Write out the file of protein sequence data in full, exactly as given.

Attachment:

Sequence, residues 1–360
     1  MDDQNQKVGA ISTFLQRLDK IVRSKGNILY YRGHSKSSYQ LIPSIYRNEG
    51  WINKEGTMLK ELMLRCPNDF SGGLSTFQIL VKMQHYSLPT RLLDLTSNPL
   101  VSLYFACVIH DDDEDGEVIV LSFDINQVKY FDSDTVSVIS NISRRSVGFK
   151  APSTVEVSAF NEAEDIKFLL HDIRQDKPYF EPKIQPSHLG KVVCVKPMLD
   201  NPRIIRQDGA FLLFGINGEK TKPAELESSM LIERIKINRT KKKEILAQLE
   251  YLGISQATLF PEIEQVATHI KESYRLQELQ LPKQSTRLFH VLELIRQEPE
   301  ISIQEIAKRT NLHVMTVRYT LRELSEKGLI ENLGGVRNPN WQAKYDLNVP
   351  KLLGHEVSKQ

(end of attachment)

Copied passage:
Sequence, residues 1–360
     1  MDDQNQKVGA ISTFLQRLDK IVRSKGNILY YRGHSKSSYQ LIPSIYRNEG
    51  WINKEGTMLK ELMLRCPNDF SGGLSTFQIL VKMQHYSLPT RLLDLTSNPL
   101  VSLYFACVIH DDDEDGEVIV LSFDINQVKY FDSDTVSVIS NISRRSVGFK
   151  APSTVEVSAF NEAEDIKFLL HDIRQDKPYF EPKIQPSHLG KVVCVKPMLD
   201  NPRIIRQDGA FLLFGINGEK TKPAELESSM LIERIKINRT KKKEILAQLE
   251  YLGISQATLF PEIEQVATHI KESYRLQELQ LPKQSTRLFH VLELIRQEPE
   301  ISIQEIAKRT NLHVMTVRYT LRELSEKGLI ENLGGVRNPN WQAKYDLNVP
   351  KLLGHEVSKQ